If the movement of the back muscles that we desire is pulling, then we need to use that motor-program word in our self-talk or mantra. The way the mantra is said is the way the movement will go. I prefer to use the words, "Keep pulling, keep pulling€¦" until the shot comes as a surprise. The mantra must be rhythmic and smooth if the movement is to follow the speech pattern. When these words are spoken during the activation portion of the shot, then the concentration is on that movement and it can be evaluated, modified, or stopped anywhere within the movement.
The intense concentration and involvement in the process of the shot-activation movement will never be automatic. Shooters never just find themselves moving their back muscles perfectly and executing the surprise release.
Some professional archers claim they only think about aiming, and they just let the shot happen subconsciously or automatically. However, if those archers really analyze their shot, they would realize there is a point at which they make a decision to follow their shot sequence. They are constantly evaluating their shot within the shot process, and they have the ability to stop a bad shot before it happens.
So to get around target panic, the archer must decide to succeed. They must break the shot into two very separate jobs. Job number one is: Draw back and aim. Get it done. Watch it to keep it.
Job number two is: Put the concentration into the movement that activates the shot. That is done through the use of words and the decision to use them. If any portion of the shot is not going as planned, recognize the error and let down your draw. With every perfect shot, realize how you did it, mentally. What were you thinking about during the movement? Were you saying your mantra? Could you have stopped the shot-activation movement?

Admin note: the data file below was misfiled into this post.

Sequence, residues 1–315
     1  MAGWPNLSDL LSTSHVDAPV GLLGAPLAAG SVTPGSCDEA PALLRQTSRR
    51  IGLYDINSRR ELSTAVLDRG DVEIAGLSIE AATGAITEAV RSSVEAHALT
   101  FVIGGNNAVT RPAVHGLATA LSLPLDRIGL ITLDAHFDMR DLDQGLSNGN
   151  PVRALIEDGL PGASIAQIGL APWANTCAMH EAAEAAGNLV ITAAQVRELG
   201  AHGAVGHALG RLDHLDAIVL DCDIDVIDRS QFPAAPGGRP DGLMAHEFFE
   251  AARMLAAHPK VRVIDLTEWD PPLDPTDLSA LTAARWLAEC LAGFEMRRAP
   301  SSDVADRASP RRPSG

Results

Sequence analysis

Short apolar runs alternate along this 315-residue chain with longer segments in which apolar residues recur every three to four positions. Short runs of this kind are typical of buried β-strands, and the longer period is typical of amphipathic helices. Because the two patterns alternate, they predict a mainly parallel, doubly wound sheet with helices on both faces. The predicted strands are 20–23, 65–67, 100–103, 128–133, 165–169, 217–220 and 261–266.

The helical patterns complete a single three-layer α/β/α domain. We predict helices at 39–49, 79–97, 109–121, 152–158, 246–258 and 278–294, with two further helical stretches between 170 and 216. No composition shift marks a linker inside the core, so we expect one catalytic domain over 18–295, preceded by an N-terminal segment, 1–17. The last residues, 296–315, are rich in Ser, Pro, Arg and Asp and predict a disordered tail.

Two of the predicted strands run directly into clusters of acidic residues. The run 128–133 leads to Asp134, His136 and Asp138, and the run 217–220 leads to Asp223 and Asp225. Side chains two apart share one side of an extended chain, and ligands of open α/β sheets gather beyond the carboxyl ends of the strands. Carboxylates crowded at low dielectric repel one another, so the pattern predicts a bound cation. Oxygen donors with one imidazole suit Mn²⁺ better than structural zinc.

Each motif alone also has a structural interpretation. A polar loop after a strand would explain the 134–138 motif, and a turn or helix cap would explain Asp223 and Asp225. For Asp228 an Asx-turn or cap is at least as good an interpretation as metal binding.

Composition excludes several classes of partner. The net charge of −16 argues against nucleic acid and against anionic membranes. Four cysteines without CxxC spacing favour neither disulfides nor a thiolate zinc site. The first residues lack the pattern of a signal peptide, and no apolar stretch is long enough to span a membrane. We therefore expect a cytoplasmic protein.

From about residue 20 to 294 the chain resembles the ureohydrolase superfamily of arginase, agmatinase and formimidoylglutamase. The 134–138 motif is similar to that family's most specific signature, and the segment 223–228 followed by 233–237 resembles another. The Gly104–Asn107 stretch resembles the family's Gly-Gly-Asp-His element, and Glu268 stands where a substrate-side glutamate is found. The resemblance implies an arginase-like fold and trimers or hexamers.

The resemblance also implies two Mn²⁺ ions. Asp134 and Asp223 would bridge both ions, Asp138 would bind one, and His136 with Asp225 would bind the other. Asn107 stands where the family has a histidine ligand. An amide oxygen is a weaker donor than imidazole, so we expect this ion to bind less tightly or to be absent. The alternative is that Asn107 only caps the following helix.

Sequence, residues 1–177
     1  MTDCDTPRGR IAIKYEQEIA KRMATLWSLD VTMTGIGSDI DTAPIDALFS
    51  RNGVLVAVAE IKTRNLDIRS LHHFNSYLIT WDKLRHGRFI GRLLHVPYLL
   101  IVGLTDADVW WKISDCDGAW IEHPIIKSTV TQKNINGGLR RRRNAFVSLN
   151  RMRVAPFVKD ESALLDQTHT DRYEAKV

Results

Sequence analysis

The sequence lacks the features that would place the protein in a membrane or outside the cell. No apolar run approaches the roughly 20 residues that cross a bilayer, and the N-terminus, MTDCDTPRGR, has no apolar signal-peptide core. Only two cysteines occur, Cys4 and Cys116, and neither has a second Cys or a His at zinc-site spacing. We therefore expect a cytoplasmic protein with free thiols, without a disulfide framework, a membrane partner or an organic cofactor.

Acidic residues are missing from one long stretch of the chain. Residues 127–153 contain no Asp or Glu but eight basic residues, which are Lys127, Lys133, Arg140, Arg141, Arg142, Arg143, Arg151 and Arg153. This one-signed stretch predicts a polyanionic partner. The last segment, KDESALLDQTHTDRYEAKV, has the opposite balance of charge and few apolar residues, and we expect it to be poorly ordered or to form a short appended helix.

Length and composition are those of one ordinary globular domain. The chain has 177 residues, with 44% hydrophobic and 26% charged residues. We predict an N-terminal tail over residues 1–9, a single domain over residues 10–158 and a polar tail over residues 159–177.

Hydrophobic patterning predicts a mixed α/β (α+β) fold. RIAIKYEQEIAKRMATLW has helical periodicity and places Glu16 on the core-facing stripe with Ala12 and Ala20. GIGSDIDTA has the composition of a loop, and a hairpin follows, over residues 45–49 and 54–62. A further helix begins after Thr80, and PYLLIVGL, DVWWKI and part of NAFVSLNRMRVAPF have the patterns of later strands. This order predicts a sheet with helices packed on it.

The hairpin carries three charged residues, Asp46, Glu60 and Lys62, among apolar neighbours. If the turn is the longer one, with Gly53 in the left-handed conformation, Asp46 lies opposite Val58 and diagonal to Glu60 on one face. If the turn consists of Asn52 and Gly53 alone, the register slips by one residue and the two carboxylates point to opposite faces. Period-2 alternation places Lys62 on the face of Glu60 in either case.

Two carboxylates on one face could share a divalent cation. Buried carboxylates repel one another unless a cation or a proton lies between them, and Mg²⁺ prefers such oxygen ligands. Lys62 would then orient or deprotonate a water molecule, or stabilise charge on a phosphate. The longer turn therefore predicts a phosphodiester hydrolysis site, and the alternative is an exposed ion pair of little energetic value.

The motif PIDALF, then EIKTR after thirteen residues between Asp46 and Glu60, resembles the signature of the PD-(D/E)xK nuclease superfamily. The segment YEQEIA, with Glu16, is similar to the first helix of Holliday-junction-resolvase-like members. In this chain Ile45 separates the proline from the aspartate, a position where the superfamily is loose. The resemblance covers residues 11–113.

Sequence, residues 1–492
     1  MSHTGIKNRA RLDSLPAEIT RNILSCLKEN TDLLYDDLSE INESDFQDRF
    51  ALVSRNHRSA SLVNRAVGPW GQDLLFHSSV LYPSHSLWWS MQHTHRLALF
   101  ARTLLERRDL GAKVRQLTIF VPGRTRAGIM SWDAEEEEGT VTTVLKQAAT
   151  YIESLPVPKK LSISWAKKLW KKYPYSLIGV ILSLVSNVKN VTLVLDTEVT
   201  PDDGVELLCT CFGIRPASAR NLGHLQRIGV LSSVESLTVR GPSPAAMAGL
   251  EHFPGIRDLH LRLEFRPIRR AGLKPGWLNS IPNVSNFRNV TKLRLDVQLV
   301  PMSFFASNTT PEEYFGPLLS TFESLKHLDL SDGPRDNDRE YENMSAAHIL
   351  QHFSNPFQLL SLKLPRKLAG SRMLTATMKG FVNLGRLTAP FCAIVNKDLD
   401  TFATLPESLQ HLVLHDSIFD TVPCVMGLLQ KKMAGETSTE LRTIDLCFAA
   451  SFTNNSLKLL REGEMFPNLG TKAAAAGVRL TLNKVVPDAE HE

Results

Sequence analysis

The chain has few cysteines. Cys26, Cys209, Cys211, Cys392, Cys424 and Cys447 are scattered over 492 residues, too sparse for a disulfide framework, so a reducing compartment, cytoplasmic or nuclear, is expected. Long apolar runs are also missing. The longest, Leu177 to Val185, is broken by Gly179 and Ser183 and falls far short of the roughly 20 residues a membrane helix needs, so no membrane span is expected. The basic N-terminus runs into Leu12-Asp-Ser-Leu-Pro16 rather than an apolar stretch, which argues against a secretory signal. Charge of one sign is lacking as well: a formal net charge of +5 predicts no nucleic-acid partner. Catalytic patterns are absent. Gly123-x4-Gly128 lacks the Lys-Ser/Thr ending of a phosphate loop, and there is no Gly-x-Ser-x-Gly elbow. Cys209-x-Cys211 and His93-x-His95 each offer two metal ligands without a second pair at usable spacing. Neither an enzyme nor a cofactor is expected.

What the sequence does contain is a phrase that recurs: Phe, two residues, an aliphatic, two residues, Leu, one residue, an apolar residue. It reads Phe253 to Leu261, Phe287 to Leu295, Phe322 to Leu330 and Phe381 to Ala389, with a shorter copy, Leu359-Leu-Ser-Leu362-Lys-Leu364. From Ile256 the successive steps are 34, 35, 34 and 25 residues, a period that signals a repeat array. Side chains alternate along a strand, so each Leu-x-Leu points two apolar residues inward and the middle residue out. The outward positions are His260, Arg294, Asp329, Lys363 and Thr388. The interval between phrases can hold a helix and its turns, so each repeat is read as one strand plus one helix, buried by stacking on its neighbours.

As archers, we don't need to get better at shooting. We need to get better at recognizing our thoughts during a shot. Refuse to shoot an arrow that is not going perfectly, and have the ability to recognize errors in the process. Instead of going to the range and practicing your shooting to get better at shooting, go to the range and use the unnatural act of shooting to practice your concentration. Good shooting comes from good concentration, and if used properly, the reverse is true as well. By not deciding to concentrate, you are deciding to be the victim of target panic.
The author is the Founder of Ironmind Hunting and Controlled Process Shooting. Visit his website at ironmindhunting.com, where you can register for courses in Target Panic and Shot Control. He is also a two-time RMEF World Elk Calling Champion.